OnBoard Security InSights

TPM - a Powerful, Inexpensive Security Building Block

Posted by Lee Wilson on Mar 22, 2018 1:51:50 PM

There are two worlds of computer security - high-end systems and then everything else. Both high- and low-end systems typically employ “top-down” defenses to harden their attack surfaces. These are “software-only” security techniques.

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Topics: Cyptography, Internet of Things, Embedded Security, Cyber Security, TPM, TSS, Trusted Computing, IoT,

What are Automated Vehicle Security Concerns?

Posted by Jonathan Petit on Jan 24, 2018 3:25:56 PM

At the Automated Vehicles Symposium (AVS) 2017, I addressed a plenary talk to the ~1,500 attendees, stating that even though it is unanimously considered as paramount, cybersecurity is still an after-thought. Or at least it still feels like it. Indeed, for the last two AVS editions, the cybersecurity breakout session reported similar open challenges, but no real changes have been seen since. In order to move the security needle, we took a different approach and didn't organize a cybersecurity breakout session. Instead, we identified that the missing components were the lack of inputs coming from the community of experts. To be able to build a more resilient system, cybersecurity experts should know about the limitations of each subsystem, and possible "nightmare scenarios".

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Topics: Insider, Automotive, Embedded Security, Autonomous Vehicles, Cyber Security, Research, Connected Vehicles

The OnBoard Security Mission

Posted by Peter Samson on Jan 11, 2018 12:24:30 PM

I often get asked, what is the company’s mission?

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Topics: NTRU, Cyptography, Quantum Computing, Automotive, Privacy, Internet of Things, V2X, Embedded Security, Autonomous Vehicles, Regulation, Cyber Security, TPM, TSS, Trusted Computing, V2V, BCAM, SCMS, Research, Connected Vehicles, IoT,, DSRC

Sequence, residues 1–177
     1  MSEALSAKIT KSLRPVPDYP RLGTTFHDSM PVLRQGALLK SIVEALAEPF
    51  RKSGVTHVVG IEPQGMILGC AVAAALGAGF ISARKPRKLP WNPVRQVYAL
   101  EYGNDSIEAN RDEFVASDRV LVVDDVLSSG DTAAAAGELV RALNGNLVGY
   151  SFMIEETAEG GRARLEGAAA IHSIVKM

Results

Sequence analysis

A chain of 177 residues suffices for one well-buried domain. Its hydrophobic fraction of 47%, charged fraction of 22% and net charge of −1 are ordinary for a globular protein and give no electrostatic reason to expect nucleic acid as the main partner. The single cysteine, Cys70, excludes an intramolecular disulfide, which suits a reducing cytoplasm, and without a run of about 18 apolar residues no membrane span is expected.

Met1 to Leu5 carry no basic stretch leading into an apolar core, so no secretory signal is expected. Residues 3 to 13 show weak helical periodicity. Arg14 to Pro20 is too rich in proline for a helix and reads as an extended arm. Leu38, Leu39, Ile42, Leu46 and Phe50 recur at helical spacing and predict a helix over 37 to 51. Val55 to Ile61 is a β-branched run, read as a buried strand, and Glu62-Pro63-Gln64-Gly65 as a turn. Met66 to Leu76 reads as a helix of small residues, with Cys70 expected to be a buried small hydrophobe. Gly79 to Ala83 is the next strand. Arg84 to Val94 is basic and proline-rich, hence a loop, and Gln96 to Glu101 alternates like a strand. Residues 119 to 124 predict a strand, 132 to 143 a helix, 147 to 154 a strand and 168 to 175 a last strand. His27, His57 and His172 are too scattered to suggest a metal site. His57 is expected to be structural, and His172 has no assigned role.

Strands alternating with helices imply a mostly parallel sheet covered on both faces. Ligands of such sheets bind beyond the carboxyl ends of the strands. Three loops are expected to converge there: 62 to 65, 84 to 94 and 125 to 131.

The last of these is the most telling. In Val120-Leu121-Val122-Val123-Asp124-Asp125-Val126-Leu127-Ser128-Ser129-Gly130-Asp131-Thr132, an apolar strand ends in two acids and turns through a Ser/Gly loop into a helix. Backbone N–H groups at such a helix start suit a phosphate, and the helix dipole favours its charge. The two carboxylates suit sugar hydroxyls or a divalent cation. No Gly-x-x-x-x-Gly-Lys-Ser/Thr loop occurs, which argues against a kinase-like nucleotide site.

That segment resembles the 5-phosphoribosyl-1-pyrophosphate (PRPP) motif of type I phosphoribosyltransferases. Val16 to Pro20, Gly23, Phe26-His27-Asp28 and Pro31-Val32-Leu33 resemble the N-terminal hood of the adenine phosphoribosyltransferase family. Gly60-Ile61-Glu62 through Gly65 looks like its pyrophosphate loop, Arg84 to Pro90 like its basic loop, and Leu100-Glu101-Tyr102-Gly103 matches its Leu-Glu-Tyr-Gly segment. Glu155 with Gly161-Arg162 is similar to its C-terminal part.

Secure Crypto Key Management for Automotive

Posted by Gene Carter on Nov 1, 2017 12:21:38 PM

Car makers use cryptographic keys for a variety of purposes, including Over-The-Air (OTA) software updates, security immobilizers, inter-module communications, and Vehicle-to-Everything (V2X) communication security. Key Management Systems (KMS) are very complex, as the manufacturer has to manage dozens of keys for each car model, both at production and when new components are introduced during repairs, and they must maintain these keys over the long lifetime of a car. Key Management is a daunting task.

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Topics: Cyptography, Automotive, Embedded Security, Autonomous Vehicles, Cyber Security, Research, Connected Vehicles, IoT,

Iot Devices - With Greater Connectivity Comes Greater Vulnerabilities

Posted by Gene Carter on Jul 28, 2017 9:41:34 AM

The IoT, or the "Internet of Things," represents an exciting period of innovation in our lives. It describes a world of devices all connected to the internet, a world in which inanimate technology that we use and see every day is becoming smarter. It also predicts a continuous journey towards greater ease and convenience, a future in which technology interacts with us as much as we do with it. As you can imagine, this comes with both perks and drawbacks.

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Topics: Internet of Things, Embedded Security, Regulation, Trusted Computing

The country’s largest V2X implementation – Securing New York’s Connected Vehicle Pilot

Posted by Gene Carter on Jul 20, 2017 9:25:00 AM

In September 2016, the U.S. Department of Transportation (USDOT) awarded three Connected Vehicle (CV) Pilot Deployment Programs: New York City (NYC), Tampa and Wyoming. The CV Pilot Program will test and operationalize cutting-edge vehicle to vehicle (V2V) and vehicle to infrastructure (V2I) technologies, including in-vehicle wireless, mobile devices, and roadside equipment that have the potential to reduce accidents, save lives, improve productivity, enhance mobility, and lessen the environmental impact of city traffic. The NYC CV pilot will feature an estimated 8,000 vehicles outfitted with V2X equipment, including 5,850 taxis, 1,250 MTA vehicles, 400 UPS trucks, and 500 city vehicles. There will be approximately 350 roadside units installed at Manhattan and Brooklyn intersections and on FDR drive. Additionally, 100 vulnerable road user (pedestrians and bicyclists) devices will be deployed to study the effectiveness of V2X technology in reducing NYC's high rate (5 times the national average) of crash fatalities involving pedestrians.